Deaf Participate in Family History Workshop and Conference
June 28, 2006 — News from the Church
An occasional laugh from the audience broke the silence as full-time missionary Robert Powers explained different family history resources at the Church’s Family History Library.
“It’s probably the quietest conference you’ll ever go to,” remarked an observer as Elder Powers communicated through sign language to his audience.
Elder Powers’s library orientation class was one of 50 classes taught at the fourth biennial genealogical workshop for the deaf and hard of hearing June 19–23, 2006, in Salt Lake City.
“The goal of this workshop is to have the deaf community and the deaf patrons come here and take these classes as equal as hearing people,” said Dulane Woodhouse, chairperson for the workshop.
Twenty-five instructors, 17 of whom are deaf, taught genealogical classes on 40 topics to 135 registered participants in classrooms at the Joseph Smith Memorial Building and one class in the Museum of Church History and Art in Salt Lake City. Workshop participants learned everything from family history basics, such as using PAF or TempleReady for members, to more advanced information such as the Napoleonic Civil Registration. Many participants practiced their newfound skills a block away at the Family History Library.
Elder Robert and Sister Virginia Powers are zone leaders and have been serving as full-time missionaries in the deaf zone of the Family History Library for more than two years. They helped organize and coordinate the event.
“I’m at a loss for words right now to describe the spirit that is here,” Sister Powers said. “It’s very touching.”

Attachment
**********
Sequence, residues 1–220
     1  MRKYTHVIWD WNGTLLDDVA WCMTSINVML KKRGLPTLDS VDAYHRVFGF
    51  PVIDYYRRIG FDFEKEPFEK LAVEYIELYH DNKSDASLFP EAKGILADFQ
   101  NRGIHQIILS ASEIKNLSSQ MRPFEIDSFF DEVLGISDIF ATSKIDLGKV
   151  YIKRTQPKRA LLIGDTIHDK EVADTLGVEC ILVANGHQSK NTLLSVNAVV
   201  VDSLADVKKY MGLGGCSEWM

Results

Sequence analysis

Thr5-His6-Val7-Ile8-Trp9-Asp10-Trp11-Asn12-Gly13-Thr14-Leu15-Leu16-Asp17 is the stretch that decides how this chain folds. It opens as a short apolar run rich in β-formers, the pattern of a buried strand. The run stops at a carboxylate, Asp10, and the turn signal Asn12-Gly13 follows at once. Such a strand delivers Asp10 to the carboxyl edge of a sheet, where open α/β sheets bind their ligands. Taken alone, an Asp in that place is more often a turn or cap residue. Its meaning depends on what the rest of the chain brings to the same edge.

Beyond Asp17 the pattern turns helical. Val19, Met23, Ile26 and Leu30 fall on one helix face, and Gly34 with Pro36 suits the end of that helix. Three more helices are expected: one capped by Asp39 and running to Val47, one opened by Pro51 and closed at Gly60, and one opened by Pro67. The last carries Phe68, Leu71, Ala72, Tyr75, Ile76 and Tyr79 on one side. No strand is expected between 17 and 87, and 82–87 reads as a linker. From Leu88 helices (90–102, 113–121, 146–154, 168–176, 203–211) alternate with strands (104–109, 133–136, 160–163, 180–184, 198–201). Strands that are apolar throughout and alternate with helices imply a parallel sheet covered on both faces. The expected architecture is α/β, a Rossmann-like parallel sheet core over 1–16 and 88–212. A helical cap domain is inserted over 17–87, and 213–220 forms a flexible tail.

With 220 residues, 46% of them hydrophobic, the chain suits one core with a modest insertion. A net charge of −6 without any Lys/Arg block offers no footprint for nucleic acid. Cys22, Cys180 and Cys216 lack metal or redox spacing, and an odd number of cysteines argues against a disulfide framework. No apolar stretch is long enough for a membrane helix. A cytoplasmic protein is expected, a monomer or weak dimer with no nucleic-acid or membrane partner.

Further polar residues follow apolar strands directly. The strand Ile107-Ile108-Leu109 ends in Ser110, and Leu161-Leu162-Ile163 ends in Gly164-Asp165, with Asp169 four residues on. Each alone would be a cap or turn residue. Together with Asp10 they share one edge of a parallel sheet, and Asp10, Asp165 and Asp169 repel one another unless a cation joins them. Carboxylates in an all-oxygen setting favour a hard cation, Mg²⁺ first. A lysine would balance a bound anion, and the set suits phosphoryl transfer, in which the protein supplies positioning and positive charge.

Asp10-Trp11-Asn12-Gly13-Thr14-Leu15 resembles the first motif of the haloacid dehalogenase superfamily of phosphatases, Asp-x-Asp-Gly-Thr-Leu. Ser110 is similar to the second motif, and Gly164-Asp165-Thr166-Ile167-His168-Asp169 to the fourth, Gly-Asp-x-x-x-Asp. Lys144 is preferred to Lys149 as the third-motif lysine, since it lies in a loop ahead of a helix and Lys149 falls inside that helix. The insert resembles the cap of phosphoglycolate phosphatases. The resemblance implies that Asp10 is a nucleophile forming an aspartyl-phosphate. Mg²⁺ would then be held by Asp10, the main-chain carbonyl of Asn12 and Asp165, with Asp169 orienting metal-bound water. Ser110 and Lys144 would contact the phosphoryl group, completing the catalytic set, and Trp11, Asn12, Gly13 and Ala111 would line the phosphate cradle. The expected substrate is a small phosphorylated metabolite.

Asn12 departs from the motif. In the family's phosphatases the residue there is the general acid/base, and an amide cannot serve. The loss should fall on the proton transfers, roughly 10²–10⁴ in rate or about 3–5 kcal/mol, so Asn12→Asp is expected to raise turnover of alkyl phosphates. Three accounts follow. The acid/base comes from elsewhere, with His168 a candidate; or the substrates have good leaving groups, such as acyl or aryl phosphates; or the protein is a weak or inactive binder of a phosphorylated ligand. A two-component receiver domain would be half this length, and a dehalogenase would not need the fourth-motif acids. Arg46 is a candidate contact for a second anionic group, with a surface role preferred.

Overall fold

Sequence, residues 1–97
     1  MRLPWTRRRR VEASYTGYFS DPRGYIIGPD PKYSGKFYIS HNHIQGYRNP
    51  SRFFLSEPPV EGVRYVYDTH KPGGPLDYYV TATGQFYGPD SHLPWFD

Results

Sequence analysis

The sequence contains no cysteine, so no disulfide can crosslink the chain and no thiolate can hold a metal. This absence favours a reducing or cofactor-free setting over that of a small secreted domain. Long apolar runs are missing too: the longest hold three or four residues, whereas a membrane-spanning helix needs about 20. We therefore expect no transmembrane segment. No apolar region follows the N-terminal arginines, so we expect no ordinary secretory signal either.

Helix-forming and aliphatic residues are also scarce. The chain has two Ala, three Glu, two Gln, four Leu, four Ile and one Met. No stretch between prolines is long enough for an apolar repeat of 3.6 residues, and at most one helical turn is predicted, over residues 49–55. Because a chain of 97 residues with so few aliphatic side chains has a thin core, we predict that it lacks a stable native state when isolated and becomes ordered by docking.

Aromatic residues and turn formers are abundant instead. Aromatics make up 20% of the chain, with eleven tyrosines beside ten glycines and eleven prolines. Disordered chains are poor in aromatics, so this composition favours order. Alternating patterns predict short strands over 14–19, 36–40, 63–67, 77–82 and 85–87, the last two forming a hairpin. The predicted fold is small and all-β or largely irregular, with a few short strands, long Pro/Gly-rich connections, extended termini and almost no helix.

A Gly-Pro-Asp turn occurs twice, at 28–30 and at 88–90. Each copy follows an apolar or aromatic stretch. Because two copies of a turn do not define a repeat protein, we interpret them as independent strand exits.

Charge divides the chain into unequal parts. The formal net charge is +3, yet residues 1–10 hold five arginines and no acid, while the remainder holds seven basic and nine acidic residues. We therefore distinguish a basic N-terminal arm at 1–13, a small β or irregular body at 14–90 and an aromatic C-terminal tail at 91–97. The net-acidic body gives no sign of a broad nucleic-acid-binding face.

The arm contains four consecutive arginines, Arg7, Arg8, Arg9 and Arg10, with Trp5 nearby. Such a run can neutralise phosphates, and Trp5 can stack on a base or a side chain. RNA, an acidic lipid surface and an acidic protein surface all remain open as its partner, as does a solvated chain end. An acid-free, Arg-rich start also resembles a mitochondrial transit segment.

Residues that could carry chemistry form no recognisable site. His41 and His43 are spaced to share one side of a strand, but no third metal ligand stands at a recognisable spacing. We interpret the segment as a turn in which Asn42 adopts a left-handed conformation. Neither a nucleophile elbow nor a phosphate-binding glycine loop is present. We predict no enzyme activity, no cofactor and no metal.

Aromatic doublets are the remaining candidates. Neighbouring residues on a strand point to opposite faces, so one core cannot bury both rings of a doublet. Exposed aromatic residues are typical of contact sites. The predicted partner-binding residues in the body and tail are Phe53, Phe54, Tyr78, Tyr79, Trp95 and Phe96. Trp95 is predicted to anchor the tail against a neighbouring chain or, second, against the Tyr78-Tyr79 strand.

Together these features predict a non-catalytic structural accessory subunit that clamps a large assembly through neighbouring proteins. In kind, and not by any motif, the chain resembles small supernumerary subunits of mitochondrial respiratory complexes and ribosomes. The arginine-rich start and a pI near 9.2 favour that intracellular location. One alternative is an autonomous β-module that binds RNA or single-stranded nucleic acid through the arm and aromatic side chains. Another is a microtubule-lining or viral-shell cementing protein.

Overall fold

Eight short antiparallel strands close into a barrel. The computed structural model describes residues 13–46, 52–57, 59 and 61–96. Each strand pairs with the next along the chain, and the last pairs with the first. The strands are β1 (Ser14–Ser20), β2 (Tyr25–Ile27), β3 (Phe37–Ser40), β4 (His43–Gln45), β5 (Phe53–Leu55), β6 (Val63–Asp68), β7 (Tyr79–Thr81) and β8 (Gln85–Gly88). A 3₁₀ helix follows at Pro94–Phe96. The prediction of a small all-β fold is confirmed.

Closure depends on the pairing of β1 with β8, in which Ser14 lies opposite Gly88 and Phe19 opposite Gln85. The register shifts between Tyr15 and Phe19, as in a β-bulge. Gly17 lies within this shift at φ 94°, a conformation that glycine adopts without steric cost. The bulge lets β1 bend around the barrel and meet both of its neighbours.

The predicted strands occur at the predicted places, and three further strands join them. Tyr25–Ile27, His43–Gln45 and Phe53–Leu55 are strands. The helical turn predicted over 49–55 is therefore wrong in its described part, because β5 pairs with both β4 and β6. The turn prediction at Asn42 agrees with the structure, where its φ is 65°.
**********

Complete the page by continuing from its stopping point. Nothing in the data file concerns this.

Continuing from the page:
Although they left 14 grandchildren behind when they left their home in Riverside, California, to serve a mission, the Powerses have been influential in making Family History Library resources more accessible to deaf patrons.
“This is kind of a utopian place for us where there are so many spiritual leaders,” Sister Powers said.
With a force of about 14 Church service missionaries helping in the library, Sister Powers said deaf people comment that it is easier to come to the library because they know someone can communicate with them.
In addition to classes and family history work, workshop attendees participated in activities such as going on an interpreted field trip to the Humanitarian Center, watching the Joseph Smith The Prophet of the Restoration film in an ASL-interpreted session and closed-captioned session, touring the Lion House and Church History Museum, and visiting This Is The Place Heritage Park. Some participants attended a special temple session for the deaf at the Salt Lake Temple as well.
About 50 percent of workshop attendees came from outside Utah, across the United States and Canada. Although three-fourths of the participants are Latter-day Saints, a fourth are not members of the Church, but are actively interested in genealogy.
Glenna Garner, from Gaithersburg, Maryland, who taught a class on how to organize records on the computer, became involved with genealogical research in 1985 when she worked for the federal government. She started researching on the Internet, going to libraries, national archives, and so forth. She also became the chairperson for a deaf genealogy club in the Washington, D.C., area, where about 50 people attend.
After taking an adult genealogy course, she found a cousin who lived in Missouri who gave her a lot of information about her family.
“It really made me curious and I wanted to know more,” said Garner, who is not a Latter-day Saint. “I wanted to do more and so I just got hooked on it.”
The weeklong activities and workshops culminated on June 25, 2006, when all the deaf wards and branches from Utah gathered in Conference Center Theater on Sunday morning for a family history regional conference.